If nothing else, the recent SMRT PRC bus drivers' illegal strike has jerked the PAP leadership out of their complacency with respect to Singapore's perpetual industrial harmony. The government minister concerned with the handling of the strike is trying to put up a brave front that the government had effectively dealt with the strikers with no concomitant repercussions.
The illegal strike has unquestionably caused alarm in the normally tranquil mind of the public that an illegal strike could have happened in the PAP much-vaunted paradise of industrial harmony that is Singapore. Many wondered why the government could not have described it as an illegal strike at the outset and much effort is now made to dispel this so-called misconception by a laboured explanation it had to be circumspect in examining the facts before calling it an illegal strike. Whether this is convincing is probably considered not important by the government. Is there any precedent of such circumspection in the past, one may ask?
The question uppermost in the mind of the public is how the PAP Government could have been caught with its pants down by this illegal strike. Was there no premonition of the PRC bus drivers' grievances that could have alerted the authorities of this impending strike action? There is a Chinese saying: The ice hardened to three feet is not the result of just one day of cold (冰凍三尺，非一日之寒). It means that the PRC bus drivers' grievances had been festering for quite some time. The workers had written to the SMRT management but drew no response. They had also written to the NTUC secretary-general Lim Swee Say for help but apparently their appeal fell on deal ears; could be because they were non-unionised workers.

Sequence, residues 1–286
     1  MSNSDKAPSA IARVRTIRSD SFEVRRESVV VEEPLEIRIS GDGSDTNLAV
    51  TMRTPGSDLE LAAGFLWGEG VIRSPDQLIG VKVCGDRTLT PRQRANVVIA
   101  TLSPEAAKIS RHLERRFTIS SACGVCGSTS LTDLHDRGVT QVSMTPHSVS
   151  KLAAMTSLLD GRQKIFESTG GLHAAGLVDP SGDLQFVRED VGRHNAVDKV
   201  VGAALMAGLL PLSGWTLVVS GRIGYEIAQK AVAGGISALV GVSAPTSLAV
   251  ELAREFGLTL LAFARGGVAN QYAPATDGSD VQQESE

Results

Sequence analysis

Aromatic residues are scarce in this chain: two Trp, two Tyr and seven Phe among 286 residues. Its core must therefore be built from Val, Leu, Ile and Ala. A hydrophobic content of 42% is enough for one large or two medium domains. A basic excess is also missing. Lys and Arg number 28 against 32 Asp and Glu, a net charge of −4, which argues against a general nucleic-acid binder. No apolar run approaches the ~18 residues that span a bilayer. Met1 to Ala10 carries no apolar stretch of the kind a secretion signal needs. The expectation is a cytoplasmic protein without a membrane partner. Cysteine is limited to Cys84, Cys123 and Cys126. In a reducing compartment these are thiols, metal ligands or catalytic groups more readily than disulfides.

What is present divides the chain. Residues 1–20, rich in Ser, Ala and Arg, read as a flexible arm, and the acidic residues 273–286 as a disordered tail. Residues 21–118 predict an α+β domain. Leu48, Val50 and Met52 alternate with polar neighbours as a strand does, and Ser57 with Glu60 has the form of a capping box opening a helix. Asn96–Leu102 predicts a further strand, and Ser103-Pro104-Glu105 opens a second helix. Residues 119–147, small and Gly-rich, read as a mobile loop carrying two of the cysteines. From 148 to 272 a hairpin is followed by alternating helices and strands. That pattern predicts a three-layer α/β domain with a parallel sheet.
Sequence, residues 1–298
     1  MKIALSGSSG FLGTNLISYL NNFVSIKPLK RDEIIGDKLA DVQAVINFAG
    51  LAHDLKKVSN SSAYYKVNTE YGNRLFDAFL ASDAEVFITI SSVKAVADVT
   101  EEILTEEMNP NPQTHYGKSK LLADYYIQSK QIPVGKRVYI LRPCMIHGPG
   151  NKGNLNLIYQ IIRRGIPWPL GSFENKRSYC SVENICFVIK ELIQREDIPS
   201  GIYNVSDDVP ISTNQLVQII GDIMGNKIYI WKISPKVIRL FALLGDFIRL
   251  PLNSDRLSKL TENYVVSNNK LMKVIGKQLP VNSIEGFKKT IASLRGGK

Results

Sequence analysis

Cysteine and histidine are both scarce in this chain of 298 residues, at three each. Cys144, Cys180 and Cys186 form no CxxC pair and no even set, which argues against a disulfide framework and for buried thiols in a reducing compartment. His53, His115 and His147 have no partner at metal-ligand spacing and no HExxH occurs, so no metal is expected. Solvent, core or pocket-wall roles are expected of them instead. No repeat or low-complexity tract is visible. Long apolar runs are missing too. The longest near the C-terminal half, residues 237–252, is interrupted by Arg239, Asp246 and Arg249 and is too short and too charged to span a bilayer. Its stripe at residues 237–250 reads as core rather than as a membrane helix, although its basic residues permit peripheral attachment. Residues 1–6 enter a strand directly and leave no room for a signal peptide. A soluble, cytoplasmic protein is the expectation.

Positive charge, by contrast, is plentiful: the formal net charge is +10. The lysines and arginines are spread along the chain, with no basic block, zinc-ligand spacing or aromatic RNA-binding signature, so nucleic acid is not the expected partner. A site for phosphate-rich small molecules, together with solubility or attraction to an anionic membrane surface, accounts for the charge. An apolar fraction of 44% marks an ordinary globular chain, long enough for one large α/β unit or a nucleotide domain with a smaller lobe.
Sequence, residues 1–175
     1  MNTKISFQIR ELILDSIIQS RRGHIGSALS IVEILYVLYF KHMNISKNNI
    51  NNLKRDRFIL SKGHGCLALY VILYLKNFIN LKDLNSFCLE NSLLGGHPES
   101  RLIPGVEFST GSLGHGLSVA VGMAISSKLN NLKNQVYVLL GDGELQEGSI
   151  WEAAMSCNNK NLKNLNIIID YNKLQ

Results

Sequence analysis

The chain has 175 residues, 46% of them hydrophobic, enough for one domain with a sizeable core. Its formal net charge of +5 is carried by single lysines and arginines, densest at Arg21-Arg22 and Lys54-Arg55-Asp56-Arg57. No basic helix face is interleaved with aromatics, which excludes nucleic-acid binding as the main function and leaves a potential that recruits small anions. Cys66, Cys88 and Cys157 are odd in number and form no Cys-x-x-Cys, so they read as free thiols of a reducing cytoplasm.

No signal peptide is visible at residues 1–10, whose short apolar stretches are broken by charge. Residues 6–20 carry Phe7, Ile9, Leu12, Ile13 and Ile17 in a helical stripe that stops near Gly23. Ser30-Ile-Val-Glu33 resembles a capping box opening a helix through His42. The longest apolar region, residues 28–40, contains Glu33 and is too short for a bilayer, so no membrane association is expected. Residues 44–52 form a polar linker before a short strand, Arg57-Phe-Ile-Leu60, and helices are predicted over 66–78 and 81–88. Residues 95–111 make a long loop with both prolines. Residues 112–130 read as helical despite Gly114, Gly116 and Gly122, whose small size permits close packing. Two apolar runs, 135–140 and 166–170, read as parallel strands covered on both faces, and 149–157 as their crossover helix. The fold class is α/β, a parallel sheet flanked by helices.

The strike was obviously not carried out on the spur of the moment and it became illegal because the workers did not give fourteen days' notice , as required under the law for workers of essential services. They were clearly ignorant of the law but that was no excuse as far as the PAP Government was concerned. The fallout from this illegal strike could be considerable depending on how one looks at it. That it has caused an adverse effect on the reputation of industrial harmony of the PAP Government is not in dispute. The Government cannot afford to have another strike of this nature without affecting investors' confidence. The last strike occurred twenty six years ago.
The illegal strike has caused the influential Singapore National Employers Federation (SNEF) to be "distressed and concerned". The SNEF saw it necessary to issue an advisory to its members comprising 20,000 companies to review procedures for dealing with workers' grievances, whether unforseen or otherwise, so as not to be caught in an untenable strike situation. The Government could not be unaware that this illegal strike could provide an unconscious stimulus to the large colony of foreign workers that they could, where they consider appropriate, seek a more equitable return for their labour. There is a danger that the Government's industrial harmony dream may disintegrate, hence the Government's exhortations to employers to address workers' grievances before they deteriorate The motto should ideally be "industrial peace with justice".